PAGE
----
Execution results of getAllUsecases()
  1. In the bottom status pane, double-click the bar to expand the view
  2. Click the Source link.
  3. Select and copy the SOAP request envelope code in Listing 3 (also see Figure 13).
Listing 3. SOAP request envelope
<soapenv:Envelope xmlns:soapenv="http://schemas.xmlsoap.org/soap/envelope/" xmlns:q0=
"http://customcode.worklight.com/" xmlns:xsd="http://www.w3.org/2001/XMLSchema" xmlns:
xsi="http://www.w3.org/2001/XMLSchema-instance">
<soapenv:Body>
<q0:getAllUsecases />
</soapenv:Body>
</soapenv:Envelope>
Figure 13. SOAP request envelope for getAllUsecases()
SOAP request details of getAllUsecases()

Packaging JAX-WS application logic for a mobile application use

Follow these steps to package a JAX-WS application so that its logic is usable in mobile application:

  1. Navigate to this folder:
    c:\temp\RADWS\WSUsecasesJAX-WSProject\WebServiceProject\WebContent\WEB-INF
  2. Compress the file tree classes and WSDL folders to a Java archive (.jar) file with this name:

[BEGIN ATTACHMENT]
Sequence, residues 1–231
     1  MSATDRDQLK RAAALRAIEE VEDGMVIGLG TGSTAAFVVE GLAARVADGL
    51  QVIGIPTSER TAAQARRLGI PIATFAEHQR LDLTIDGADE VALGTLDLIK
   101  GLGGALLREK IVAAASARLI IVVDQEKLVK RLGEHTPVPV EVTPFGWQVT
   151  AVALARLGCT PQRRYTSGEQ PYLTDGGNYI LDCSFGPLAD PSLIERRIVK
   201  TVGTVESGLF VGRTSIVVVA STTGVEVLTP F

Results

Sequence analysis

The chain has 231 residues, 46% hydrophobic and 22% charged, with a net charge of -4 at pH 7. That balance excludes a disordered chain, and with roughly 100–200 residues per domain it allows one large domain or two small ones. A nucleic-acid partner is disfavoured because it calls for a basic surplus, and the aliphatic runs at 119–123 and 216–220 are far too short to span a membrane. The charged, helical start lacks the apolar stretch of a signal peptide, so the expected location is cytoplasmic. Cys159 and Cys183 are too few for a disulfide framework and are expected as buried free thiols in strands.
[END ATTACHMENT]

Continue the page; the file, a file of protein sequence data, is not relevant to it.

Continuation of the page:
UsecasesJAX-WSProjectUtils.jar (see Figure 14)
  3. Files in the UsecasesJAX-WSProjectUtils.jar file are organized in this structure:
UsecasesJAX-WSProjectUtils.jar
  com
    worklight
	  customcode
	    jaxws
		  GetAllUsecases.class
		  GetAllUsecasesResponse.class
		  GetNumOfUsecasesInstances.class
		  GetNumOfUsecasesInstancesResponse.class
		  GetUsecase.class
		  GetUsecaseResponse.class
		  Main.class
		  MainResponse.class
		  ToString.class
		  ToStringResponse.class
		  UsecasesExceptionBean.class				
		UsecasesDelegate.class
  wsdl
    UsecasesService.wsdl
	UsecasesService_schema1.xsd
Figure 14. Packaging the JAX-WS application as a usable library
Java archive library contents (folders)

Mobile application development using IBM Worklight Studio

The following steps outline mobile application development using IBM Worklight Studio Version 5.0.6: